HAVE you ever needed to send a fax to a hotel guest who is awake when the front desk is closed for the night? What about receiving a confidential document that six hotel employees have read before it is slipped under your door?
Toronto-based AlphaNet Telecom Inc. says it has solved these and a few other problems by coming up with a system known as the ``InnFax,'' which puts fax machines in hotel rooms and assigns each machine its own private telephone number.
``The problem has been that every hotel has a human operator that interrupts the fax coming in,'' says Michael Reichmann, one of AlphaNet's founders. ``With our system, there is a second telephone line and a direct connection without using an operator.''
In addition to providing fax service, the machines can receive copies of hotel bills from the front desk and two-page summaries of the Wall Street Journal free of charge; if the fax newspapers are ordered after 5 p.m., they also include that day's closing stock-market prices.
All faxes received by or sent from hotel rooms are charged to the guest staying in that room at a rate of about $1.50 a page. AlphaNet and the hotel split the revenue.
The InnFax works from a central computer in Rochester, N.Y. All calls are directed to the 716 area code and then rerouted to the hotel room. ``The entire network is our own proprietary software,'' Mr. Reichmann says. ``We do not rely on any other company's technology.''
AlphaNet has installed fax machines in 8,500 rooms in 130 hotels, mostly in the United States, but also in Canada, Singapore, and Hong Kong. Early next month, 170 machines will be installed in a Tokyo hotel, and Reichmann says he hopes to have deals signed soon in Australia, Indonesia, and New Zealand.
``We're also looking at Europe as well as South America and elsewhere in Asia,'' says Reichmann, who is in charge of international sales as well as executive vice president of the firm. ``We're growing at the rate of one new hotel every business day.''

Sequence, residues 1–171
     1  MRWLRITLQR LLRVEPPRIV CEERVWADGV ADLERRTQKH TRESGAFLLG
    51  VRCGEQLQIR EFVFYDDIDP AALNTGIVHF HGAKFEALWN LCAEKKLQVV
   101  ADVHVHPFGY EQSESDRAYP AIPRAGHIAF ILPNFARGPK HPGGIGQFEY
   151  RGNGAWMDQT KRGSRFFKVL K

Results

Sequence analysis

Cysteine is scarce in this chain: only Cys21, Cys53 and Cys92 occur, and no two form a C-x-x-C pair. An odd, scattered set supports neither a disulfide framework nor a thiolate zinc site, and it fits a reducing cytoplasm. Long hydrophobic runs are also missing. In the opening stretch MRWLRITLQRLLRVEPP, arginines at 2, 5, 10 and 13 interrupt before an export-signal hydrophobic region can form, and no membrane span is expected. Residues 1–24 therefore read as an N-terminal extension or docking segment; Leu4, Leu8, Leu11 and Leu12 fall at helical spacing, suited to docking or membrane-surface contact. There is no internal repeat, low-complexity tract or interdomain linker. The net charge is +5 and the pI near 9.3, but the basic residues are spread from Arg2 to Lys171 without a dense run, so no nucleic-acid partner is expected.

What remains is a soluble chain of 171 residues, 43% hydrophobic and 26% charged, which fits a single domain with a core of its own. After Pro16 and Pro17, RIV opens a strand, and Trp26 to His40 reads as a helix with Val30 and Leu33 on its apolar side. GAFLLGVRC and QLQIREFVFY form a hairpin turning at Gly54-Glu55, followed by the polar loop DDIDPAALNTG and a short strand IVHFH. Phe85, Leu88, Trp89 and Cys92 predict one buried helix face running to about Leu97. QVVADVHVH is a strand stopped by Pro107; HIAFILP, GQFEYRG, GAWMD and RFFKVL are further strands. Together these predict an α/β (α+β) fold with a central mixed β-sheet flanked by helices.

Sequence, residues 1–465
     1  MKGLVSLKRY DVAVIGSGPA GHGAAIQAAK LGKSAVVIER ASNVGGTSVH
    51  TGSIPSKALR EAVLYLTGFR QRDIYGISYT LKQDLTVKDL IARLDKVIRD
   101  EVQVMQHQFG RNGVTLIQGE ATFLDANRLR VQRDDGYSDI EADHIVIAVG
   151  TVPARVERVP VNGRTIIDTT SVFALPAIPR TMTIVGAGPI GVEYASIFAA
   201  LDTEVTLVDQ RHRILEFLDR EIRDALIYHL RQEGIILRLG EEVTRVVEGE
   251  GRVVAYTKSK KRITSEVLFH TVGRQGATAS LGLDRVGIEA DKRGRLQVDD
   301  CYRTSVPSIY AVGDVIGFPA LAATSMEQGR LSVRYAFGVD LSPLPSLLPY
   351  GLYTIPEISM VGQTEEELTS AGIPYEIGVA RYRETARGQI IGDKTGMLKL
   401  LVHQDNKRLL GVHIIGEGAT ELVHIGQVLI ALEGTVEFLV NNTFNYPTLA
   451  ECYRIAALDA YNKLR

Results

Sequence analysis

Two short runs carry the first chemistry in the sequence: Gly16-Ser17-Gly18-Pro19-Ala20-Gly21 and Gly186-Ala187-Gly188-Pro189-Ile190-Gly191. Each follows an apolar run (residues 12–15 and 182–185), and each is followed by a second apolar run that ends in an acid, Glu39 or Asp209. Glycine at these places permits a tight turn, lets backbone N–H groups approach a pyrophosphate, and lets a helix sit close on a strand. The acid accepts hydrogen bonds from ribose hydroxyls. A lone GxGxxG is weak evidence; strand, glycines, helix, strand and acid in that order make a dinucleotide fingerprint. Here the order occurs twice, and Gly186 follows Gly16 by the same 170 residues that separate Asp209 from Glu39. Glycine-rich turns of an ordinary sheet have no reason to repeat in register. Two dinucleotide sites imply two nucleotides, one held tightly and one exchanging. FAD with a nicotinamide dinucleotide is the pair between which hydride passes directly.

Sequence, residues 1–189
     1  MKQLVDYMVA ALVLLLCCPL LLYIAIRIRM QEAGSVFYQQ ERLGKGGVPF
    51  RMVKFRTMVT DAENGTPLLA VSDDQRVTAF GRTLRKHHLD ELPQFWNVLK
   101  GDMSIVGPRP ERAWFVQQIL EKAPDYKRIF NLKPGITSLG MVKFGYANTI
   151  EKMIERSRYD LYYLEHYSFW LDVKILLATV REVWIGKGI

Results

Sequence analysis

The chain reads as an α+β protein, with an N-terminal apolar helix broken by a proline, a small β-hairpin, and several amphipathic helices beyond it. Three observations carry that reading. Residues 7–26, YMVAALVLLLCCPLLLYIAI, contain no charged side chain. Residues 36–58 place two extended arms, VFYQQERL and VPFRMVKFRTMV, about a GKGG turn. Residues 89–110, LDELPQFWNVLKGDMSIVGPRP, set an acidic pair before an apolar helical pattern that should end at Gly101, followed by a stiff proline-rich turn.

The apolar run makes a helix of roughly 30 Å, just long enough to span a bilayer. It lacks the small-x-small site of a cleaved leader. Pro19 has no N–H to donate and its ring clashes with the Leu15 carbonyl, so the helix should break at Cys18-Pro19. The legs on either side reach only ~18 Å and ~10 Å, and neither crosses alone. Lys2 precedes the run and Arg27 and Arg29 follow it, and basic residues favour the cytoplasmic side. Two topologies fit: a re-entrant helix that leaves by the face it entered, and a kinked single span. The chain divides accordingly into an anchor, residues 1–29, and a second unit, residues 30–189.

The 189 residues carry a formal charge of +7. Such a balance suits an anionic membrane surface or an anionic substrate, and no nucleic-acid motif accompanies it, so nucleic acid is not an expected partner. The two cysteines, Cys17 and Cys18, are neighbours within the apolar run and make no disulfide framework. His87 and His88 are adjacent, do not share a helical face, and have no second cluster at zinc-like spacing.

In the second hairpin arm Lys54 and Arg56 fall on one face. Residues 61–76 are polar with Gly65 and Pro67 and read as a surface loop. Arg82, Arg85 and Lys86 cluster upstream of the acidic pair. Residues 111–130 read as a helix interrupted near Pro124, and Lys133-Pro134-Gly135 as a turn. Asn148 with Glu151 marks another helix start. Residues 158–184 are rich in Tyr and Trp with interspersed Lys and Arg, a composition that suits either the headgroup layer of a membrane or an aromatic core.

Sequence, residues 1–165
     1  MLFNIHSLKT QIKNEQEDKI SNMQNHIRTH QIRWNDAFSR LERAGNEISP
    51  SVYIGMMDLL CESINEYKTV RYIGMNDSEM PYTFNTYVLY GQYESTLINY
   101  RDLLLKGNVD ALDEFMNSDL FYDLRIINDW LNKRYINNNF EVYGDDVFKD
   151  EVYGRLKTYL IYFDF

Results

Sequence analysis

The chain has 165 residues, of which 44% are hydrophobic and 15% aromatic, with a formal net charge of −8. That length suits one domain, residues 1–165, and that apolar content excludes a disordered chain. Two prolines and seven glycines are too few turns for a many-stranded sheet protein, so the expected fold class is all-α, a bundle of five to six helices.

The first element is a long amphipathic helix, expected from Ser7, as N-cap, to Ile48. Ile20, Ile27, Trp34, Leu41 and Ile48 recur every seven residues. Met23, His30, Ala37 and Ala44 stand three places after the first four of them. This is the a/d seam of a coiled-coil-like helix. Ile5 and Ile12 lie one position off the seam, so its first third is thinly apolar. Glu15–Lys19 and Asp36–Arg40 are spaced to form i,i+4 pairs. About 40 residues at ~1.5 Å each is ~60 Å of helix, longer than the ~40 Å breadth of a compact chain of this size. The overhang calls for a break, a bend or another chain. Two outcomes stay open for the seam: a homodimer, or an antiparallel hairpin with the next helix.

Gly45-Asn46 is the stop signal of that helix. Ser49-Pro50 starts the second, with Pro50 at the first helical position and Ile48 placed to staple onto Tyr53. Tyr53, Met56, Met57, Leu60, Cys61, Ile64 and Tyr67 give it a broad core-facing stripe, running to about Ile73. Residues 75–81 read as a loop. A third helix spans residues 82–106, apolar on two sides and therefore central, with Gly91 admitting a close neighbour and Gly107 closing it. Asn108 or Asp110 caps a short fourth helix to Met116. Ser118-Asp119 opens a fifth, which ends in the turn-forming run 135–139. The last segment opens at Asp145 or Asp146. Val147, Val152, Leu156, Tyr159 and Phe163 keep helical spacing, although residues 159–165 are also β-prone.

``The payback is pretty good,'' says Mark Andrews, manager of the Hyatt Regency Hotel in Vancouver, British Columbia. His hotel now has an entire floor (23 rooms) with machines, and he says he is thinking of equipping another one. ``Occupancy on this floor has been higher than the other floors,'' Mr. Andrews explains.
The Hyatt chain is AlphaNet's biggest customer, with about 4,600 machines installed as part of its Business Plan program, for which guests pay an extra $15 a night for services. Other chains using the service include the Westin, Hilton, Loews, and Fairmont hotels.
For now, AlphaNet - which has only 40 employees in its Toronto, Rochester, San Diego, and New York offices - has the market to itself, says Richard Piotrowski, an analyst with Sprott Securities Ltd. in Vancouver.
But monopolies seldom last long. Other firms that offer hotel room services such as pay-per-view movies are also looking into providing fax machines.
AlphaNet is also introducing a new product called FollowFax, which for $9.95 a month gives a subscriber a permanent fax number connected to the central computer. The subscriber can dial a toll-free number from any fax machine and retrieve stored messages. The service provides 20 faxed pages free, with each additional page charged at a rate of about 30 cents.
``There's been a lot of talk about each person having just one universal telephone number,'' Reichmann says. ``Well, this is it, a permanent private fax number, which follows you anywhere in the world.''
Competition has sprung up in the fax mailbox area. Toronto`s Delrina Corporation is a big seller of fax software for computers. It also has a system called Fax MailBox that stores faxes for subscribers for a monthly fee.